pattern, water amount and farm income under adequate and limited
water supply conditions
Hassan et al. (2005) mentioned that for the study, irrigated
areas of Punjab province was selected for determining optimum
cropping pattern under various price options
Borges et al. (2008) reported that LP models are effective
tools to support initial or periodic planning of agricultural
enterprises, requiring, however, technical coefficients that can be
determined using computer simulation models
Salami et al. (2009) developed a LP model to estimate the
direct costs on agriculture, and a macro econometric model to trace
the indirect impacts on the rest of the economy in Iran.
Panigrahi et al. (2010) suggested a mathematical model
for optimal allocation of area to different crop sequences with
different objectives viz. minimization of soil loss, minimization of
investment and maximization of net return from agriculture and was
solved using LGP technique
T. Mkhabela(2005) suggested that there is a good
possibility for stepping up production of these crops in marginal
lands through appropriate crop diversification
Profitability of Crop Diversification: Linear programming is a
method of determining a profit maximizing combination of farm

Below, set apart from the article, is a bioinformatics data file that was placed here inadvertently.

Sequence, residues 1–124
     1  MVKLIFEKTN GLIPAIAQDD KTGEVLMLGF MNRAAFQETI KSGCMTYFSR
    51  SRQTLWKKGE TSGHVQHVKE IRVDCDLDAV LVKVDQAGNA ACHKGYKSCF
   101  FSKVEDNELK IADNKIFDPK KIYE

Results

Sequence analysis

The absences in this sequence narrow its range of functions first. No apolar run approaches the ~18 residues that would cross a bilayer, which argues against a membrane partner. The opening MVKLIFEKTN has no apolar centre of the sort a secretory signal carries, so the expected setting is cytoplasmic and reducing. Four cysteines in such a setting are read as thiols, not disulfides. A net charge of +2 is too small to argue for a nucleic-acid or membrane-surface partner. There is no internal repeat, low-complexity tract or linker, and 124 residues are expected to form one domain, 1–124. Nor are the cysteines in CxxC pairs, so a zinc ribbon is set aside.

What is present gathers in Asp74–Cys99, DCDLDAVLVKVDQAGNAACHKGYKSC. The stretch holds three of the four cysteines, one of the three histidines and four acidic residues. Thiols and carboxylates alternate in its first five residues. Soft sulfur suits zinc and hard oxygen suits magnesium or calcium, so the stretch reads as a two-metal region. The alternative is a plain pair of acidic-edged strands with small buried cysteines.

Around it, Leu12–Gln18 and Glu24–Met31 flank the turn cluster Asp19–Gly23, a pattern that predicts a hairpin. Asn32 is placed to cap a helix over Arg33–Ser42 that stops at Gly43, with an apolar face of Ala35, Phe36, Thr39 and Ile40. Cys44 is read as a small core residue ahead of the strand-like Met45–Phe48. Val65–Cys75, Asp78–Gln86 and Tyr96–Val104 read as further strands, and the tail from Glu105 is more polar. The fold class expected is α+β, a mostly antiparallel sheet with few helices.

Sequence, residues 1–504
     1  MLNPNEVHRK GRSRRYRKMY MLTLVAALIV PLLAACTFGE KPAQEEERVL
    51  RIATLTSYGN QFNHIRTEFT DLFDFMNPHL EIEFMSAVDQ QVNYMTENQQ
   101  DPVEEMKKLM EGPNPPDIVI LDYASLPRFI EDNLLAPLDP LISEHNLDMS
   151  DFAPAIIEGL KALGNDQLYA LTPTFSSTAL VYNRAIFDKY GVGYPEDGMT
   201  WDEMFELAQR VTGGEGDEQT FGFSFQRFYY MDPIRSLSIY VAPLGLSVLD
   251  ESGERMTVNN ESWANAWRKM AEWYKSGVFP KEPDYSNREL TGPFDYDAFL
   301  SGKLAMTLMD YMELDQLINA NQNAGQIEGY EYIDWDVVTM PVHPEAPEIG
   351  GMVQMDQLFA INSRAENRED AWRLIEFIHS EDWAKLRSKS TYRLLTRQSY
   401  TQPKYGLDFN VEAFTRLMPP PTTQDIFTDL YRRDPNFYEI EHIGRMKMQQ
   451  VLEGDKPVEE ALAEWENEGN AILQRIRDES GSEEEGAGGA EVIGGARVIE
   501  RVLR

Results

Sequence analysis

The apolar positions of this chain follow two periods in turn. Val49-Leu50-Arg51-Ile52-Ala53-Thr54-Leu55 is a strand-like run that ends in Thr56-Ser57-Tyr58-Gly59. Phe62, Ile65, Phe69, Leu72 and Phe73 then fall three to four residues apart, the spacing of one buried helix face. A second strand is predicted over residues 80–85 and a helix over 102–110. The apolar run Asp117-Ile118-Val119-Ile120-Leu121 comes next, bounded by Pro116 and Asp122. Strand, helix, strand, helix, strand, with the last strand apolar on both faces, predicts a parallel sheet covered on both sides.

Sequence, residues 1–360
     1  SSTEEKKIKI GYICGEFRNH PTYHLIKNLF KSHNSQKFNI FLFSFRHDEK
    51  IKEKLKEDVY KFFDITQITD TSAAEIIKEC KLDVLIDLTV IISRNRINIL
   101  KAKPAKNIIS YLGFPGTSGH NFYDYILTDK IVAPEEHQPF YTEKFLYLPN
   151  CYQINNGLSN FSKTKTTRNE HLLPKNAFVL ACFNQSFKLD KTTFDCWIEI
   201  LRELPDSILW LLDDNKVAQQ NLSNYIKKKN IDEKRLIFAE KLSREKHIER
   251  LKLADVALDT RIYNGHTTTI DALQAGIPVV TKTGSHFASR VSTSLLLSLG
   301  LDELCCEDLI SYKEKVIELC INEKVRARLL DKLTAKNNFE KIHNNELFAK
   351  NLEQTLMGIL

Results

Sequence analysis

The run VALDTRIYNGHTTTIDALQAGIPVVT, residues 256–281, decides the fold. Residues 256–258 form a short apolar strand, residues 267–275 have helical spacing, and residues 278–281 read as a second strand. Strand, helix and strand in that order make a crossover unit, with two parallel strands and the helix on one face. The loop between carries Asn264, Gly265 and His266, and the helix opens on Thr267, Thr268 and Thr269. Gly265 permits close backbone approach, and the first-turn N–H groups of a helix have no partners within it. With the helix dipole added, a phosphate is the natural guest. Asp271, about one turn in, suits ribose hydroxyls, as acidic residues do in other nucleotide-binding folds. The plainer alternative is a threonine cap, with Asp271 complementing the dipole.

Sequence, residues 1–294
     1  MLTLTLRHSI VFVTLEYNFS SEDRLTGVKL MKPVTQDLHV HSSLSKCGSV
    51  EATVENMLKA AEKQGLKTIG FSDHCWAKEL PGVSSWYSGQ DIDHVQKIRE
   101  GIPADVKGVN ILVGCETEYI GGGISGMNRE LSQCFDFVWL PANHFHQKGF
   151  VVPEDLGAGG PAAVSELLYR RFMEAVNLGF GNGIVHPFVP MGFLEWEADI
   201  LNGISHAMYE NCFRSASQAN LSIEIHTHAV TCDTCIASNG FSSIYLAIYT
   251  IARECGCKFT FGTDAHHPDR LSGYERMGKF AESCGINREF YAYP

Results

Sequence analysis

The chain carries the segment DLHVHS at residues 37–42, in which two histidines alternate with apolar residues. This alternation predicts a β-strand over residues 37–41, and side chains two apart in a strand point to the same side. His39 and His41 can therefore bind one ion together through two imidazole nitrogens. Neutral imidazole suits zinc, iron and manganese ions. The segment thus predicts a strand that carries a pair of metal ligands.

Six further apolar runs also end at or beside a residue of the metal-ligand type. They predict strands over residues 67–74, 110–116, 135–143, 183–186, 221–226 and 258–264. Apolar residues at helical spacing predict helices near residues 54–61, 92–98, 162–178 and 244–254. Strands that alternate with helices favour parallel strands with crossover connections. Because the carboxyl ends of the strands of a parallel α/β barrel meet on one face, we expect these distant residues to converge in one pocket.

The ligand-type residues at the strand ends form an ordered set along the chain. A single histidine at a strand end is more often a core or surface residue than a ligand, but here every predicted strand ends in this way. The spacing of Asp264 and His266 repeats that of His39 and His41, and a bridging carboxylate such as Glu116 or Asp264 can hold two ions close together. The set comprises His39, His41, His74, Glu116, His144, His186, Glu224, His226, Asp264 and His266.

enterprises that is feasible with respect to a set of fixed farm
constraints.
Optimization and allocation of resources have been a high
concerned for under developed and developing countries. India
being the agro based economy resource utilization in agricultural
sector is the prime factor influencing financial return to farmers. In
that context mathematical model like linear- programming support
in optimization of product mix in agriculture. In the present study a
linear programming model has been developed to decide the optimal
mix of cropping and a comparison is done between actual state and
the optimal state of production.
In the present study a linear programming model has been
developed to decide the optimal mix of cropping and a comparison
is done between actual state and the optimal state of production.
For a given farm situation the linear programming model requires
specification of:
1. The alternative farm activities, their unit of measurement,
their resource requirements, and any specific constraints
on their production.
2. The fixed resource constraints of the farm.
3. The forecast activity returns net of variable costs,
hereafter called gross margins.
To formulate the problem mathematically the following
notation has been introduced.
Xj = the level of jth farm activity. Let n denote the number of